Juana and her son spent several months in Mexico City, during which I gave her a crash course in basic English, before she and her son continued their dangerous journey towards Texas. When Juana finally arrived at the U.S. border, we received news at the shelter that she had tried crossing with a coyote [people smuggler] and was deported. I was concerned about Juana’s safety, but once I heard she had arrived at the border, where the threat of kidnapping often increases, I became even more terrified.

Juana reached the border two months after the “Gang of 8” senators released their proposal for a new comprehensive immigration reform bill, which passed in the Senate last June, and includes an increase of 3,500 Border Patrol agents and 4.5 billion dollars to add new surveillance systems, aerial drones, and the construction of more fencing along the U.S.-Mexican border. Instead of addressing the reasons why Juana and the hundreds of migrants on board the Mexican train that derailed last week migrate north to the U.S., the current immigration reform bill offers them a closed door in their attempt to flee violence largely caused by America’s consumption of illegal drugs.

The current immigration reform bill greatly resembles the 1986 Immigration Reform and Control Act (IRCA), which legalized almost three million undocumented migrants in the U.S. and quintupled the number of Border Patrol agents to almost 22,000. Today, an estimated 11 million people live in the U.S. without legal residency, signifying that IRCA did little to solve the problems which force people to migrate in the first place.

While visiting a small town in the central Mexican state of Querétaro this year, I met an 81-year-old man, named Jose Ramírez, who gained U.S. citizenship through IRCA. As a young man, Ramírez would spend half of each year doing farm work in the U.S. and return home to visit his wife and children. When crossing the border became more costly and dangerous, Ramírez could no longer justify returning to Mexico as often, so he moved his entire family to Florida. The increase in border security over the last half-century that was supposed to keep people like Ramírez out of the U.S. became exactly what motivated him to resettle his family to Florida.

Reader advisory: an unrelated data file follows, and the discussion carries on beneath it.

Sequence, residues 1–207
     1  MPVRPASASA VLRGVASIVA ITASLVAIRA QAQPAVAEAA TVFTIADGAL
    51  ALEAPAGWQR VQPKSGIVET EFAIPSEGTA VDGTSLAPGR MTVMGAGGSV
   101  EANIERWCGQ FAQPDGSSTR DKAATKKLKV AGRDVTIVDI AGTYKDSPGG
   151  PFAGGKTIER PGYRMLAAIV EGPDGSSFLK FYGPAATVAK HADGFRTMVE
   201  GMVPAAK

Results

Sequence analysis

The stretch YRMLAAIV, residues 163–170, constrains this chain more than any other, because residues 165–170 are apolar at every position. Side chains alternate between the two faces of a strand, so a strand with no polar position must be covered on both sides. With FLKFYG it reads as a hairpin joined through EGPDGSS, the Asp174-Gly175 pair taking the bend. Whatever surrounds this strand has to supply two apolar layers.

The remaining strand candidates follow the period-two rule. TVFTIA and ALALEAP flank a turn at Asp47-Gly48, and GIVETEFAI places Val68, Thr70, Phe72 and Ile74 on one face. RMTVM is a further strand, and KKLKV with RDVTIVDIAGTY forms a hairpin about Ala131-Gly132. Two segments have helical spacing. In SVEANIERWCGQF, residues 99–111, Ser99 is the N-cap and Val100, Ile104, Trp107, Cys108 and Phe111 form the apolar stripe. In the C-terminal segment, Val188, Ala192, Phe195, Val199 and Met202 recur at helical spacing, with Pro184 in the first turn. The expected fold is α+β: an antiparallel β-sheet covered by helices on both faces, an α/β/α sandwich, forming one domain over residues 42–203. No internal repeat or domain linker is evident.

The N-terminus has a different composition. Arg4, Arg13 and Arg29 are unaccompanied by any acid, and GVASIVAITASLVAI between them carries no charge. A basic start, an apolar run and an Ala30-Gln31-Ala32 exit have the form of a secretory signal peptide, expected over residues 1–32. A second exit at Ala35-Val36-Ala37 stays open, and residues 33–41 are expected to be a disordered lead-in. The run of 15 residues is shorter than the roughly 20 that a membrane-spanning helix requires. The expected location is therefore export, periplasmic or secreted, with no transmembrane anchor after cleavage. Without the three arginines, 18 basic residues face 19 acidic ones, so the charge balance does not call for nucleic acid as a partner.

While it’s true that many people from Mexico and Central America enter the U.S. without authorization and settle permanently, it doesn’t mean that they want to. Like most men and women from small town USA, Latin American migrant workers often come from rural areas where locals value home and family. If you offered most residents in rural America a job that paid up to seven times their current income, but that involved relocating to a foreign country with a different language, and risking your life by walking through a desert to get there, most would probably opt to stay home. But for people like Juana Morelos, lack of economic opportunities and violence caused by the drug trade often leave them with no choice.

Increasing security along our southern border will keep many future immigrants out of our country, but it won’t stop them from trying to enter it. During my research on migration in Mexico over the last year, I met many Mexicans who worked decades in the U.S. with fake documents just to save enough money to buy land and start a business back home. What if instead of investing billions of dollars in drones and fences, we used some of that money to partner with the Mexican government and create loans for these would-be entrepreneurs to start small businesses and employ their neighbors?